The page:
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Lintian User's Manual - Advanced usage
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Lintian User's Manual
Chapter 3 - Advanced usage

3.1 How Lintian works

Lintian is divided into the following layers:

the command line interface (currently, this layer consists of two scripts, namely lintian and lintian-info)
a set of scripts that check different aspects of binary or source packages
data collectors
a set of scripts that prepares specific information about a package needed by the checker scripts
unpacking scripts
a set of scripts that unpack binary and source packages and extract some basic information about the package contents
bug reporting scripts
a collection of scripts to report bugs and keep track of them afterwards

When you check a package with Lintian, the following steps are performed (not exactly in this order--but the details aren't important now):

  1. The package contents are unpacked in the laboratory (or just lab).
  1. Some data is collected about the package. (That's done by the so-called collector scripts.) For example, the file program is run on each file in the package and the output is saved in the file-info file in the lab.
  1. The package contents are removed again (to save disk space), but the statistics files produced in the last step remain in the lab.
  1. The checker scripts are run over the package and report any discovered policy violations or other errors. These scripts don't access the package contents directly, but use the collected data as input.
  1. Depending on the lab mode Lintian uses (see below), the whole lab directory is removed again.

This separation of the checker scripts from the unpacking tools and the data collector scripts makes it possible to run Lintian several times over a package without having to unpack the package each time. In addition, the checker scripts don't have to worry about packaging details since they just access the statistics files (not the package files directly).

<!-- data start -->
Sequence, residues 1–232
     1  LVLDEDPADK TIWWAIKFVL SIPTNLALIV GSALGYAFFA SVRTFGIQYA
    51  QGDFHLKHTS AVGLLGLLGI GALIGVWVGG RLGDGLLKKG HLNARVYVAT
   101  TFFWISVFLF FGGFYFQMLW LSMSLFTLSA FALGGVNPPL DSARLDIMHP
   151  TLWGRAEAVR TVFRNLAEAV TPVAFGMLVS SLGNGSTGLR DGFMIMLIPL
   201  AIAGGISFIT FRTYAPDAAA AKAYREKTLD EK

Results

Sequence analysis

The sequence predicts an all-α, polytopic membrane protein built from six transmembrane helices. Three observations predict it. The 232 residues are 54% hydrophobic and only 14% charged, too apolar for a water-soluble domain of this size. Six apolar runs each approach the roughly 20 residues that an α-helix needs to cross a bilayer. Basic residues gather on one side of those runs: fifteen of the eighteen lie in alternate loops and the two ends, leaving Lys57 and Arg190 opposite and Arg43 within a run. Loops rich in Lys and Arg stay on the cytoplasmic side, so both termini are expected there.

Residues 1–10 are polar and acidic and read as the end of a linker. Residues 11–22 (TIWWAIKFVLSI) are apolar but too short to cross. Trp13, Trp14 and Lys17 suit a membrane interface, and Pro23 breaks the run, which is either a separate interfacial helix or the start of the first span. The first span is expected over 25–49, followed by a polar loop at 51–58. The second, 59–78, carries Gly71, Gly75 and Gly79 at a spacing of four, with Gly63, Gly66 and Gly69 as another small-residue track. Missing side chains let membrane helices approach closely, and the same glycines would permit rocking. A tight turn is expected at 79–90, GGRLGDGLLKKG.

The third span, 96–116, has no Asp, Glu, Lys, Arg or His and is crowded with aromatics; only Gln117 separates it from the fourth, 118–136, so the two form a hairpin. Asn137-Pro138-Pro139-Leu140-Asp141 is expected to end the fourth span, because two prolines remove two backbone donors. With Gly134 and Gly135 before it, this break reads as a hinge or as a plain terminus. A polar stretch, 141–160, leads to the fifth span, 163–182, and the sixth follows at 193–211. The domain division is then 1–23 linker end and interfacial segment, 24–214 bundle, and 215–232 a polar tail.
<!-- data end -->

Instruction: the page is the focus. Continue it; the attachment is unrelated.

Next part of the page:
Furthermore, since it is sufficient to save the statistics files of each package in order to run the checks, one can store these files for all packages of the Debian archive if one wants to check the whole distribution several times. The space savings is substantial and continues to grow as the archive does.

3.2 The laboratory

Lintian's laboratory directory can be defined via the LINTIAN_LAB variable (either in the configuration file or as environment variable). If this variable is not defined, Lintian creates a temporary lab in /tmp which is removed again after Lintian has completed its checks. This mode is called temporary lab mode.

In the static lab mode (if the laboratory directory is defined by the user), the laboratory has to be set up first before it can be used by Lintian. This can be done with the -S (or --setup-lab) command line option (see also the next section about the distribution directory).

Here is a sketch of the Lintian laboratory:

             dsc                 dsc file
             foo.orig.tar.gz     (symlinks to actual files)
     	     <binary 1> -> ../../../binary/<binary 1>
     	unpacked/           (opt., contains unpacked source package)
             index               (output of `dpkg -c')
             control-index       (same for the control.tar.gz of the pkg)
             control/            (contains all control files)
             fields/             (contains all control field settings)
     	source -> ../../source/<source pkg>
             deb                 (symlink to actual file)
     	unpacked/           (opt., contains unpacked binary package)
             binary-packages     list of binary packages in archive
     	source-packages     list of source packages in archive

3.3 Distribution directory

If you want to check the full Debian distribution with Lintian, you have to set up the LINTIAN_DIST variable in the configuration file (or as environment variable). Then, you have to run lintian -S to set up the laboratory and to create lists of all binary and source packages in the distribution. (Note, that this might take some time...)

After that, you can either check single packages simply be running

       $ lintian foo

(without path or extension for the package foo) or check the whole distribution with

       $ lintian --all

Since Lintian needs an up-to-date list of packages in the distribution, you'll have to rerun the lintian -S command whenever the distribution directory has been changed. (But there is no need to remove the laboratory in this situation: Lintian is smart enough to only re-unpack packages that have been changed.)

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Lintian User's Manual

version 0.3.3, 6 September 2000
Christian Schwarz schwarz@debian.org
Richard Braakman dark@xs4all.nl
Sean 'Shaleh' Perry shaleh@debian.org
Contact address: lintian-maint@debian.org